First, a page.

A Cost-Benefit Analysis Of Building A Subway Along Wilshire Boulevard

I. Description of Wilshire Blvd

In every city, there are always streets or main avenues that are considered the most populated or crucial to public transportation. Wilshire Boulevard has been considered the backbone of Los Angeles, or even the "Fifth Avenue of the West":

(Figure 1: the plan for Wilshire in the early 1900's)
It is one of the most traveled boulevards in California, running 16 miles from Grand Avenue in downtown Los Angeles east to west and ending at Ocean Avenue in Santa Monica. Wilshire Boulevard connects five of Los Angeles' major business districts, Beverly Hills and Santa Monica, and consists of at least three famous "miles": Miracle Mile, the stretch between Fairfax and La Brea, Park Mile, and Millionaire's Mile. Its importance to multiple portions of the community lends to its width, which stretches to at least 4 lanes all along the boulevard, with its widest portions being in Westwood and Holmby Hills. Two of its intersections, at Westwood and Veteran (see fig. B), are considered the busiest in Los Angeles. For all these reasons, Wilshire is fundamental to connecting the West Side of Los Angeles to the East "downtown". At the same time, it is one of the most congested and delayed streets of all Los Angeles.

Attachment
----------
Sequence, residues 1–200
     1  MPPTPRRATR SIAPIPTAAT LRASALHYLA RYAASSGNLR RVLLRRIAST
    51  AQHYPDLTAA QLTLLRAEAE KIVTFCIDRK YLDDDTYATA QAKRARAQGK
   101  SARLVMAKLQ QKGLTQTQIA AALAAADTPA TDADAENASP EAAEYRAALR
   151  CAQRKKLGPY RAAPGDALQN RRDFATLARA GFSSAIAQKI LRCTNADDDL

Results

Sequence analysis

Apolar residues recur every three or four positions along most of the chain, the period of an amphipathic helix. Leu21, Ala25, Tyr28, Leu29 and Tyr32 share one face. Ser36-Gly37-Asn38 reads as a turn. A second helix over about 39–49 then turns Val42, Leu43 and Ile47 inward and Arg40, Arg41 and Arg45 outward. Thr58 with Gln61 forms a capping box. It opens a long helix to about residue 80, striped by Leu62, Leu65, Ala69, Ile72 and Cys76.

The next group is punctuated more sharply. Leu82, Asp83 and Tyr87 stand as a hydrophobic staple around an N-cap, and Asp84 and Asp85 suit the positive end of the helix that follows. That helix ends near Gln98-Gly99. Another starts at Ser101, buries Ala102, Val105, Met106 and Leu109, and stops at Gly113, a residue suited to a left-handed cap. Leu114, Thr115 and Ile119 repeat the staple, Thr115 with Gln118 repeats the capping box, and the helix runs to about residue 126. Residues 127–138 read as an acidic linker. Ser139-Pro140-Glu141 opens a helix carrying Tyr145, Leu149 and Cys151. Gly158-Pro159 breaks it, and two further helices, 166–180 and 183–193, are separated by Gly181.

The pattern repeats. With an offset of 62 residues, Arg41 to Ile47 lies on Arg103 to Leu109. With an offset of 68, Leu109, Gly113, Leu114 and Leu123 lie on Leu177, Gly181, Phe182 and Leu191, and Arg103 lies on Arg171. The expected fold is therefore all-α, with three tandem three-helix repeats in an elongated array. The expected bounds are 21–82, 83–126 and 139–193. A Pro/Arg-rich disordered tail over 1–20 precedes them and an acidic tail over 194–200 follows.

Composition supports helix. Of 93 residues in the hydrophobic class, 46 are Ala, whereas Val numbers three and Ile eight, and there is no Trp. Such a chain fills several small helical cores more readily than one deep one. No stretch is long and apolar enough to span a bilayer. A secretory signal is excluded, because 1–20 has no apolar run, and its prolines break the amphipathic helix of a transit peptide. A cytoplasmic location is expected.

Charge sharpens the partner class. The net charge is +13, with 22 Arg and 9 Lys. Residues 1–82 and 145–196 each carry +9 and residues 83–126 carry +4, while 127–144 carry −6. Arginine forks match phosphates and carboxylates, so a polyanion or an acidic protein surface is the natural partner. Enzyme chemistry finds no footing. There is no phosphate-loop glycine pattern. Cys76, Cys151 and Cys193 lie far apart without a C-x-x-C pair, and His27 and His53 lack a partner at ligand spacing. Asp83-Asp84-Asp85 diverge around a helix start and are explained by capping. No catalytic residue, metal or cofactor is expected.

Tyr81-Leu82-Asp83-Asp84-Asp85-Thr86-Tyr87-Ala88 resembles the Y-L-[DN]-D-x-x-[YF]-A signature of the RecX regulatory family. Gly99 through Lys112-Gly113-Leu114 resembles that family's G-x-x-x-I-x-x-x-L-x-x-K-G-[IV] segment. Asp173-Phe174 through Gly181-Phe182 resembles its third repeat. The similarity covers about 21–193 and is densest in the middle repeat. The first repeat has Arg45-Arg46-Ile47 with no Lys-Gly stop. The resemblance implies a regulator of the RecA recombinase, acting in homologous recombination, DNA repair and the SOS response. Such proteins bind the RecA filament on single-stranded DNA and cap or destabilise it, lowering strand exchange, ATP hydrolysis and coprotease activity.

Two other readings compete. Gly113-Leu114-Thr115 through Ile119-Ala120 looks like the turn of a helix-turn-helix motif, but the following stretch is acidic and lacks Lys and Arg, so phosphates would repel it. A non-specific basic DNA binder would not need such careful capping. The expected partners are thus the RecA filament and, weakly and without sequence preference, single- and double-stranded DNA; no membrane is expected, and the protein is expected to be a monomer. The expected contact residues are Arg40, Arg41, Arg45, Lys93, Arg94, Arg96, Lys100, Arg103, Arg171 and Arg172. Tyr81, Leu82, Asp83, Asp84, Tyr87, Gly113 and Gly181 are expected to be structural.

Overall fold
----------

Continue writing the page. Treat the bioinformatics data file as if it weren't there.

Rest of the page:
II. History of Wilshire Blvd

One of the largest contributing factors to Wilshire's present-day traffic lies in the history and approach to transportation in the twentieth century, beginning with the advent of the automobile and the streetcar.
(Figure 2: Streetcar lines extended well over the Los Angeles County)
Streetcars were beneficial to poorer neighborhoods as the first mode of public transit in the 1940's, but in those days of cheap gasoline and wide-open streets, it made more sense to dr ...
Word (s) : 3099
Pages (s) : 13
View (s) : 948
Rank : 0
   
Report this paper
Please login to view the full paper